Whether you are lost in Japan or losing yourself to this beautiful country, there is simply nothing better than finding a nice quiet café to sit and enjoy yourself in. What's more is that there are a wide variety of types and styles of cafés too. So much so that it is almost certain you will find something that suits your tastes. Each one is often filled with delicious food, drinks and sweets. If you want a taste of Japanese culture, then these are definitely places I would recommend.
Styles of Café
Traditional cafés - Kissaten 喫茶店
Cafés have long been a part of Japanese culture. The older styles of café are known as Kissaten (きっさてん). While not as common today, these are still some of the best places to sample local and traditional culture. They will often specialize in green tea and traditional Japanese sweets. Many will have a rich history that can be interesting to hear if you speak enough Japanese, but are still worth the visit even if you don't speak Japanese. There is one of these styles of café right next to where I work. Many of the elderly ladies from my conversation class have taken me there on several occasions. The building itself was a doctors house from the Edo period (between 1603 and 1868). The entrance way still maintains a dirt floor where the kitchen used to be. You remove your shoes and step up to the wooden interior of the house as well. The building has been well preserved and slightly modified to act as a café today. You can even have lunch there for less that 500 yen, or around $4 or $5 at today's exchange rates.
In recent years, more modern styles of café have appeared. Everything from classy, to unique, to that big Starbucks like chain can be found everywhere you go. These cafés will often play to more modern tastes in the food and drinks they serve. Even Starbucks has adapted itself across Japan, offering unique menu items to the country or embracing local atmosphere and styles. My first experience with this was trying their seasonal cherry blossom Frappuccino, the recipe changes year by year but its always pretty good. Some modern cafés may focus a lot on the design and atmosphere of the shop. These places can really show of Japanese craftsmanship too. But some shops will feel very small and local. Like a mom and pop shop where mom and pop turned the kitchen and main room of their home into a café.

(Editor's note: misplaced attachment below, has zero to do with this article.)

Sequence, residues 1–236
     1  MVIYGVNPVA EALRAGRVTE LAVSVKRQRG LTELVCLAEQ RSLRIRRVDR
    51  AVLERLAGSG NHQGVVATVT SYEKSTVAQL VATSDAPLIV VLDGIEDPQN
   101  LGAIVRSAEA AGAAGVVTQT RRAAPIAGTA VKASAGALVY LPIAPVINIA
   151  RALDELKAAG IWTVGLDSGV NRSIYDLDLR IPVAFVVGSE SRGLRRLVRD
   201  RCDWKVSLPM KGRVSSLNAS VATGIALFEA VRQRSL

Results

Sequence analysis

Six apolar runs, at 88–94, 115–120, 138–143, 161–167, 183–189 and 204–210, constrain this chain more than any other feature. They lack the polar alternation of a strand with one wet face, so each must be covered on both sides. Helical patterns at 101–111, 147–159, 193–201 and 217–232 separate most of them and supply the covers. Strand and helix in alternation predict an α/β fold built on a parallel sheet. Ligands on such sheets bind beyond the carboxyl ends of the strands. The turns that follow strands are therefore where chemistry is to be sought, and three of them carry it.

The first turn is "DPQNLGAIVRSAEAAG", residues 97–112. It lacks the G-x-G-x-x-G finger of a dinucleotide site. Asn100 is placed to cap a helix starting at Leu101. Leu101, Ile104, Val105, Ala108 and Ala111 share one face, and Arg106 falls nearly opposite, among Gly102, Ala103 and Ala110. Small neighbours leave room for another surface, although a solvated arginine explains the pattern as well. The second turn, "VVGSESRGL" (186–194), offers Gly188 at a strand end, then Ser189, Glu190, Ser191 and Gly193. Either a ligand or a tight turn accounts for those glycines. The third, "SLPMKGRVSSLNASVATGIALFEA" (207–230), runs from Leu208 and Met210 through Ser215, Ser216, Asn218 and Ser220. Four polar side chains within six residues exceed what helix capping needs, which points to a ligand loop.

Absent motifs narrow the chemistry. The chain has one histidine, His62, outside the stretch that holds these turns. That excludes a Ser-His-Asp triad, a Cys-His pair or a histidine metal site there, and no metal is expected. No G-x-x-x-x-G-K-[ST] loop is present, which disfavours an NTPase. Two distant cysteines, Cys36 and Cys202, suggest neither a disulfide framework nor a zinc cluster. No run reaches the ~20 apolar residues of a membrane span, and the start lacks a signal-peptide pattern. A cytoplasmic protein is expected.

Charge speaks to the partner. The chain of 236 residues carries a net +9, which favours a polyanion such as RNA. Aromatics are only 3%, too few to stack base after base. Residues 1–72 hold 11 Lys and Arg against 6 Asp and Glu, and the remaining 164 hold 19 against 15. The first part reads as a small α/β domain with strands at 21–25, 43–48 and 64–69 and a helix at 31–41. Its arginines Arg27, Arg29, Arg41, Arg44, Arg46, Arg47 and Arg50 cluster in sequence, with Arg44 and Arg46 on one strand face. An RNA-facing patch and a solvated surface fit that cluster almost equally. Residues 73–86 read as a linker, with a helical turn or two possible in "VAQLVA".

Animal themed cafés
More unique styles, and more famous, would be the animal cafés across the country. The biggest and most well known of these being the cat cafés where you can sit and play with cats till your hearts content, or time runs out. These have been good places for some to let go of the days stress and thus are a very therapeutic place. Of course these are not limited to only cat cafés. There are cafés for many different types of animals too. Dog, cat, owl, bird, snake, reptile and so many more. At the very least, if you like animals, they are sure to help you lose yourself to this beautiful country even more.
When you just want a good place to sit for a long time and maybe use the free WiFi, then manga cafés are a fantastic place to visit. My friends and I often did this when we wanted to kill time while I was studying at Hiroshima University. The price of admission is often nothing more than a drink from the menu. There are plenty of places to sit for long periods of time, and there are shelves lined with thousands of manga from hundreds of various titles that are free for you to read. Although, you probably need to be able to read Japanese for the most part.